James and the Giant Corn Genetics: Studying the Source Code of Nature

January 26, 2009

Chinese New Year

Filed under: food,Photo Posts — James @ 2:32 pm

Lots of new photos up on Flickr. On Saturday I went down into San Francisco to see Chinatown in the weekend before Chinese New Year (which is today:  新年快乐 ! <– I theorize this means happy new year, given it’s appearance on so many people’s facebook statuses over the past few days) Lots of pictures.

That night we decided we wanted cake, and took advantage of the fact that I keep buying boxes of cake mix, even though I never get around to mixing them. Resulting in so much cake. Just to clarify, there are FOUR pans of cake in this photo:
Four Cakes

Work is going well. Only two weeks left in this rotation and I’m racing to have something to show for my three months of effort.

This is the year of the ox. The second time it’s come around since the year of the ox when I was born (which for those doing the math means I’ll be turning 24 all too soon.)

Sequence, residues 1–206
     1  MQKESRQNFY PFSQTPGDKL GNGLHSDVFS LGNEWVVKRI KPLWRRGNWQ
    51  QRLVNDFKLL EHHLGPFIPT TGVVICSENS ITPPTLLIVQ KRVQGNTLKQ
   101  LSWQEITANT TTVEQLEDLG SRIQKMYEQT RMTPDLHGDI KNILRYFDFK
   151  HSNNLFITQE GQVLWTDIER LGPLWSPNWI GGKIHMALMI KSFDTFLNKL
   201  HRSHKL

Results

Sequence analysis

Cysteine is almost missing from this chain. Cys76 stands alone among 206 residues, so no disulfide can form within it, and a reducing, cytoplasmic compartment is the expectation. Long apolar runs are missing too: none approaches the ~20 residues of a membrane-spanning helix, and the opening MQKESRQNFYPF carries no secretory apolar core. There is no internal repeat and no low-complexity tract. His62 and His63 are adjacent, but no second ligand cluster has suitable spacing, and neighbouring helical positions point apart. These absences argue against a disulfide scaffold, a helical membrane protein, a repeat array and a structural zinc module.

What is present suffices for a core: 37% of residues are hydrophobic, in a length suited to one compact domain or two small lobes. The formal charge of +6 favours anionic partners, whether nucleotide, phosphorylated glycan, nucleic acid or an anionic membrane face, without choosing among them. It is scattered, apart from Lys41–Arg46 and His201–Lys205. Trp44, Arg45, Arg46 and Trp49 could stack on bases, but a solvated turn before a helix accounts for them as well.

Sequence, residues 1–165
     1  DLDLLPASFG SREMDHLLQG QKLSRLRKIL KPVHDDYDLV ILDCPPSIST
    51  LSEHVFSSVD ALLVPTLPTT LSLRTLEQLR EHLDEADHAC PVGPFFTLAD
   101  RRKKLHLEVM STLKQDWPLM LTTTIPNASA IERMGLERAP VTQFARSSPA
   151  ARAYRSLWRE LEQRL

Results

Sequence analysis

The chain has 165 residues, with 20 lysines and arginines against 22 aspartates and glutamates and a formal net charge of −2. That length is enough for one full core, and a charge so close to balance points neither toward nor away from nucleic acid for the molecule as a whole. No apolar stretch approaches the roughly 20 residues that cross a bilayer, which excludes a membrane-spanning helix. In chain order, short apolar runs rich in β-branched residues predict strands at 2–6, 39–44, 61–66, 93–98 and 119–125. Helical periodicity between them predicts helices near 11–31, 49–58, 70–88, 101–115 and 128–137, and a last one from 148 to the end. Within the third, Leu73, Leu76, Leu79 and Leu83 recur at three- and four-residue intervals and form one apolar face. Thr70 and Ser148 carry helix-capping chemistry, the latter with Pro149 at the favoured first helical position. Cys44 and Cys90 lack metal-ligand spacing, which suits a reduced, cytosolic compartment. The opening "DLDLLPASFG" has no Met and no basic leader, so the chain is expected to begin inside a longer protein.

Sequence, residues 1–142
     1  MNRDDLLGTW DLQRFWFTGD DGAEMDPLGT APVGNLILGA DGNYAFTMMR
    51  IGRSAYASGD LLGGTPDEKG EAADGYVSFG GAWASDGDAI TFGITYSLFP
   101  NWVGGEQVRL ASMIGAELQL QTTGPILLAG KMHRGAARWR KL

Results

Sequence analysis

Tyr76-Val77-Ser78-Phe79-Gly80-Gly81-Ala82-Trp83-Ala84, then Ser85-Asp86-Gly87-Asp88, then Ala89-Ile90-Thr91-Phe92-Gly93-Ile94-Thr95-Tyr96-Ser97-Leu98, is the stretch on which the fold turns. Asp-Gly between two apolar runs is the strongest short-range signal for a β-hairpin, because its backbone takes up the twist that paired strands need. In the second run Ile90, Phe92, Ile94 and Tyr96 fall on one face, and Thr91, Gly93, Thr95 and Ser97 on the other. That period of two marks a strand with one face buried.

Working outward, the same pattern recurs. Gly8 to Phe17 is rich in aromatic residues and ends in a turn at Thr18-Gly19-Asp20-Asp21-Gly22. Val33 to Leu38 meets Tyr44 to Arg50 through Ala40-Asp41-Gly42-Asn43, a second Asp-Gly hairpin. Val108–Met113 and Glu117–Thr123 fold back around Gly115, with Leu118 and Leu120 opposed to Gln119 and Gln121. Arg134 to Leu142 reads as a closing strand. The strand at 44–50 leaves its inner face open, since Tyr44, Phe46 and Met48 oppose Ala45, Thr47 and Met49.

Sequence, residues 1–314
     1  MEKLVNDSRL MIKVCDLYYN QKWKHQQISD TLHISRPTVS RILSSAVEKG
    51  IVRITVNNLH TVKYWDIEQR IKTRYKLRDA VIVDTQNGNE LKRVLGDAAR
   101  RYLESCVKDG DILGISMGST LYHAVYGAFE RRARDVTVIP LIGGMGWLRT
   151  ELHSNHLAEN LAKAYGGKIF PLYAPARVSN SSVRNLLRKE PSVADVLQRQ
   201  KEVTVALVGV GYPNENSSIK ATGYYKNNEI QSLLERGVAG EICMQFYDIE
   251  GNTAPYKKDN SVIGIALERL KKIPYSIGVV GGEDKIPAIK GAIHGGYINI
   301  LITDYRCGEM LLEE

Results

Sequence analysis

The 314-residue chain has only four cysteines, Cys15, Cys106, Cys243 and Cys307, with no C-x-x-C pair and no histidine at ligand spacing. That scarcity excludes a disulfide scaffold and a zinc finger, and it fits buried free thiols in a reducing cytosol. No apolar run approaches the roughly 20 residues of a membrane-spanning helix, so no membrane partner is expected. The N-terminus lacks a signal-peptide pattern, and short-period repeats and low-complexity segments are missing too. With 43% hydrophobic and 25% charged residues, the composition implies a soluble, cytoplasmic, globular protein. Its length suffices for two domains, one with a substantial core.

January 18, 2009


Filed under: Photo Posts,Plants,research stories — James @ 9:57 pm

Jamesandthegiantcorn turned one year old on thursday (and a good friend of mine turned 23 that same day). As it happens this will also be my 100th entry, I’ve averaged about two updates a week over the past year, which is pretty good given my previous experience with blogging. Without further ado, my 100th entry:

Brachypodium? What is it? Well it’s a grass species that looks like this:

 Brachypodium distachyon

I first mentioned it almost a year ago in an entry I posted during my interview weekend at berkeley:

Most “I’m definitely a potential grad student” moment: